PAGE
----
The Daily Telegraph's fake history of the Wakefield story

I am publishing my notes on the "at a glance" history of the MMR controversy from Charles Hymas article Facebook putting children's lives at risk by reviving spurious MMR claims, say UK healthchiefs (27 July).While Hymas is a former Sunday Times journalist, he possibly has a good record in investigating corruption but he is missing the mark here. For more detail reader's are referred to Vera Sharav's annotated account at AHRP L'affaire Wakefield.

"In 1998, respected medical journal The Lancet carried the results of a small-scale study (12 children) that claimed a link between the Measles Mumps Rubella (MMR) combined vaccine and autism and colitis in children."

This is untrue. The team carried out a review  of a series of cases seen and treated on the basis of clinical need. It did not claim a link between MMR, autism and colitis but recorded medical histories and parental concerns. This is easily checkable against the text of the paper. In listening to parents’ concerns about vaccine reactions, the Royal Free team were manifestly acting more ethically than doctors who ignore them.

"The leader of the research team, Andrew Wakefield promoted mass media coverage of the study. MMR became the biggest science story of 2002 and the public’s confidence in the vaccine was seriously shaken and vaccination rates fell."

 Is there any evidence that Wakefield promoted media coverage? No details given. By the end of 2001 Wakefield had already left for the United States, but a bad taste was left in the public's mind by the refusal of Prime Minister Tony Blair to say whether his son Leo had been vaccinated. Plainly health officials were out for revenge.

"Concerned over MMR safety, organisations such as the NHS, the US Centers for Disease Control and Prevention and the Cochrane Library carried out large-scale epidemiological studies. These highlighted some adverse vaccine effects, such as rashes and joint pain, but could not replicate the findings of the original study."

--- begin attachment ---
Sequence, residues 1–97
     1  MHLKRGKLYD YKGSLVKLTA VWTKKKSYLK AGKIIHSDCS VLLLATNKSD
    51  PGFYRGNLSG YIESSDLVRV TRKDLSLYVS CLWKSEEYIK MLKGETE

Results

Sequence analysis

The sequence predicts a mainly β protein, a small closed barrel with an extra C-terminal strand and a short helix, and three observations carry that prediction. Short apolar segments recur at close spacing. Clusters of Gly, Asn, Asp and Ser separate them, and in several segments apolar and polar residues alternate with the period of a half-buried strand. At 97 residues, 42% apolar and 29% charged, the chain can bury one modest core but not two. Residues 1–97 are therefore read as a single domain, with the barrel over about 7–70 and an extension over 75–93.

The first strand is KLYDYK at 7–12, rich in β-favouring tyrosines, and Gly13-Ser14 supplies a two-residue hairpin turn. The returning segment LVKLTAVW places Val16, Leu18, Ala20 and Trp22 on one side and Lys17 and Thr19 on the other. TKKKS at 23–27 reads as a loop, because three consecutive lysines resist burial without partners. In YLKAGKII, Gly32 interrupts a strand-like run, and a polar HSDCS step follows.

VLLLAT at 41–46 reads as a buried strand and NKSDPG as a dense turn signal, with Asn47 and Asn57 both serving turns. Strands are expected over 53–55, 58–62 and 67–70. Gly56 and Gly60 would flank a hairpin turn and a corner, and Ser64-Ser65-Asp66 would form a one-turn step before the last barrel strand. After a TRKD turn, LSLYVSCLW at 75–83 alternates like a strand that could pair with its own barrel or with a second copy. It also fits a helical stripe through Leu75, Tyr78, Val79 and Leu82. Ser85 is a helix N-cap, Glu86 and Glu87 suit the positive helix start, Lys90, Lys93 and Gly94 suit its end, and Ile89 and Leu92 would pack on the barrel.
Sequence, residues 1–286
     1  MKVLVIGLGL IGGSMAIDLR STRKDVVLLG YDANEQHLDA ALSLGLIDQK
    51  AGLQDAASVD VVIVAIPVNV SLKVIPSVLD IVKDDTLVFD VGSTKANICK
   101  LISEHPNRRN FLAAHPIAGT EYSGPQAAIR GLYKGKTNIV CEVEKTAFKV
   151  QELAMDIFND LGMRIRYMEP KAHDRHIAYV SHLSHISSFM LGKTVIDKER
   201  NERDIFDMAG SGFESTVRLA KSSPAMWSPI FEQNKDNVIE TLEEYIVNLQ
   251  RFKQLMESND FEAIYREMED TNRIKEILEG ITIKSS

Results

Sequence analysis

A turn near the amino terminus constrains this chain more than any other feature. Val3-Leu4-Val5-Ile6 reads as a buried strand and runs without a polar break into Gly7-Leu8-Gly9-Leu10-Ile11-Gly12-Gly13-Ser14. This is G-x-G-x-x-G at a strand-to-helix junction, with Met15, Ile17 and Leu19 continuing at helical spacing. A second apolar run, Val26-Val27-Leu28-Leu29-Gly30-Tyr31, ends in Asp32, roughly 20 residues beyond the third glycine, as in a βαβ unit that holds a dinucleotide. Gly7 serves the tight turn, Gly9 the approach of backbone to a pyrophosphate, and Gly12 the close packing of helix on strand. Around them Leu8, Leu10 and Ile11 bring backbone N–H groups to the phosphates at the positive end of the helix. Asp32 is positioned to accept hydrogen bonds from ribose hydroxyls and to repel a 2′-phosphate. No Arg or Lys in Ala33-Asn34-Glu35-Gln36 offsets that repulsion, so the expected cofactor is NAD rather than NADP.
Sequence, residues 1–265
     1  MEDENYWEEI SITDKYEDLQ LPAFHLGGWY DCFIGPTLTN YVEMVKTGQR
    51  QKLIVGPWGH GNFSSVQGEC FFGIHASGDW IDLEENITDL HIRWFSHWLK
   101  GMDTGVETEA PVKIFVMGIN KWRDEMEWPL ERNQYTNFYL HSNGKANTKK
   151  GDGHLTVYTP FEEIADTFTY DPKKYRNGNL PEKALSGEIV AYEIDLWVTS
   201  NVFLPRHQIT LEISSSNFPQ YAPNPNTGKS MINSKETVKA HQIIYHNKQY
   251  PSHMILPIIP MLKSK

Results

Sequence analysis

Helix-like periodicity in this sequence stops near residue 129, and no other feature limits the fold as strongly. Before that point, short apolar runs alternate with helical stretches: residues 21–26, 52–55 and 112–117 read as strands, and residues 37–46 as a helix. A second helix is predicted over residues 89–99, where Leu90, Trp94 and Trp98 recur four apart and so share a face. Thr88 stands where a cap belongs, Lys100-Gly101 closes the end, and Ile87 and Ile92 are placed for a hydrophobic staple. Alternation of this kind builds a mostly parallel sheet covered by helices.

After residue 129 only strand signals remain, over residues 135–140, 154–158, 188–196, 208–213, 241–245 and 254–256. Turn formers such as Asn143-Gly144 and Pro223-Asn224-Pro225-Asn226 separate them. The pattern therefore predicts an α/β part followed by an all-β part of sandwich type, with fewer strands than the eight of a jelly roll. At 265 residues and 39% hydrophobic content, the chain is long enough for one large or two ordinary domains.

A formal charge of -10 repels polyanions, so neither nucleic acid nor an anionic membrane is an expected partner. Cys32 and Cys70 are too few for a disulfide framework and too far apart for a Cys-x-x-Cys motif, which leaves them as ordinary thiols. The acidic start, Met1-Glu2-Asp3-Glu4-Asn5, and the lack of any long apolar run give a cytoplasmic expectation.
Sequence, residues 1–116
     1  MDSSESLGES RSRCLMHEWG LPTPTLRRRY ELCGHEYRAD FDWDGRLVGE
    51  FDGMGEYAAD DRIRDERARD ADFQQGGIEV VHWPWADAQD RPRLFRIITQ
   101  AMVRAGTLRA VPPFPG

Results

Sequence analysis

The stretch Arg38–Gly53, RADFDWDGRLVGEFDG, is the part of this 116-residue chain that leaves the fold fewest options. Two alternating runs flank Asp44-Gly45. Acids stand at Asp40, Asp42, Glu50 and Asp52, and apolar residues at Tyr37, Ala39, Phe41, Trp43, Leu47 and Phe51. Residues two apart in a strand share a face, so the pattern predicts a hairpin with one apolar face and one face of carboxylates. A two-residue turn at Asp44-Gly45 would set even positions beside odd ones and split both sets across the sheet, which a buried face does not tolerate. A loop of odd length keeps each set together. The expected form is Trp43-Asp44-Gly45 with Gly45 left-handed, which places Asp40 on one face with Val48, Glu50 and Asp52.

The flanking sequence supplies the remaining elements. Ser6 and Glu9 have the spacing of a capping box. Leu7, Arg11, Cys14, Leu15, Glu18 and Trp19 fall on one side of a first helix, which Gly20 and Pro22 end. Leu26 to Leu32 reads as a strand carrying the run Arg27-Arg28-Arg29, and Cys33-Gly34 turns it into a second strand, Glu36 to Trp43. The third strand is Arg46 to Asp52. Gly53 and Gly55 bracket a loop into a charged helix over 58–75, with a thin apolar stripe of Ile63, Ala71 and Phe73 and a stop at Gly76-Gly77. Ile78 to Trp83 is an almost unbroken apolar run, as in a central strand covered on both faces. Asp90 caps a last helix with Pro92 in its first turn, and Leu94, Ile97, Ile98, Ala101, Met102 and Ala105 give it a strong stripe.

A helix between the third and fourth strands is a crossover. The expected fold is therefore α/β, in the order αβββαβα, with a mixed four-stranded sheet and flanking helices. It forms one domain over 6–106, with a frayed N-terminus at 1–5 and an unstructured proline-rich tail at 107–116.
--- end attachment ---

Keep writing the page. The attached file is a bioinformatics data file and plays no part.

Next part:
The officially promoted studies were clearly defective as shown by the Cochrane Review of 2005.The Cochrane review of MMR safety anticipated the revelations of the William Thompson and the film Vaxxed regarding the the 2004 DeStefano study suggesting that data had been omitted, and described the flawed data sets in the Madsen study, the coordinator of which, Poul Thorsen, is still on the run for embezzlement. Other autism studies (Fombonne, Taylor etc.) also got short shrift.

"In 2004, Sunday Times journalist Brian Deer revealed that, two years prior to the research, Wakefield had been hired by lawyers from the UK’s legal aid fund, who were hoping to prove that the vaccine damaged children. This undeclared conflict of interest led to The Lancet partially retracting publication of the study."

It emerged at the GMC hearing that the Lancet knew of Wakefield's involvement in the court case nearly a year before publication of the paper, and although by convention acting as a court expert does not constitute "a conflict" Wakefield acknowledged his involvement in the case in a letter published in the Lancet in 1998, and it was never hidden. The pretence that this was news in 2004 - how for instance could the defendent pharmaceutical companies not know? - was itself a fake.

"The study was fully retracted in 2010, after allegations that the study data had been falsified. At the same time, the General Medical Council found Wakefield guilty of serious professional misconduct, unnecessarily invasive tests on children and multiple, undeclared conflicts of interest. He was struck off the medical register."

The findings of the GMC in respect of the paper were rejected by the High Court in 2012 which is misleadingly not mentioned.  It is fanciful to describe taking routine blood samples with consent of parents and children as "invasive".

"The scientific consensus is that there is no causal link between the MMR vaccine and autism."

While this may be true it is of very little consequence given the political and institutional biases involved.


By John Stone / UK Editor for Age of Autism
(Source:; July 30, 2018;
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